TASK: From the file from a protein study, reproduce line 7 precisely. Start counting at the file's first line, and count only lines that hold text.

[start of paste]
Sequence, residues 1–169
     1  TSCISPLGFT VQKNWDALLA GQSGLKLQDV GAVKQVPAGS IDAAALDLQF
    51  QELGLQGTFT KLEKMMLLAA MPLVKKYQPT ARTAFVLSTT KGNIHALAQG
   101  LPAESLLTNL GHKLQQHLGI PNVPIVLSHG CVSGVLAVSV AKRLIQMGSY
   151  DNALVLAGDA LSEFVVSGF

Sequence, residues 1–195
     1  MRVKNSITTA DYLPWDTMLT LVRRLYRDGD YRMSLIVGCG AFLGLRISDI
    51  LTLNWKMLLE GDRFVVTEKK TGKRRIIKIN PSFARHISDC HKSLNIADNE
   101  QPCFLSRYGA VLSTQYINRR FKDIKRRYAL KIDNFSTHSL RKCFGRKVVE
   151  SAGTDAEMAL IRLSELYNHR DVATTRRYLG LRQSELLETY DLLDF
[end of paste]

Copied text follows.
     1  MRVKNSITTA DYLPWDTMLT LVRRLYRDGD YRMSLIVGCG AFLGLRISDI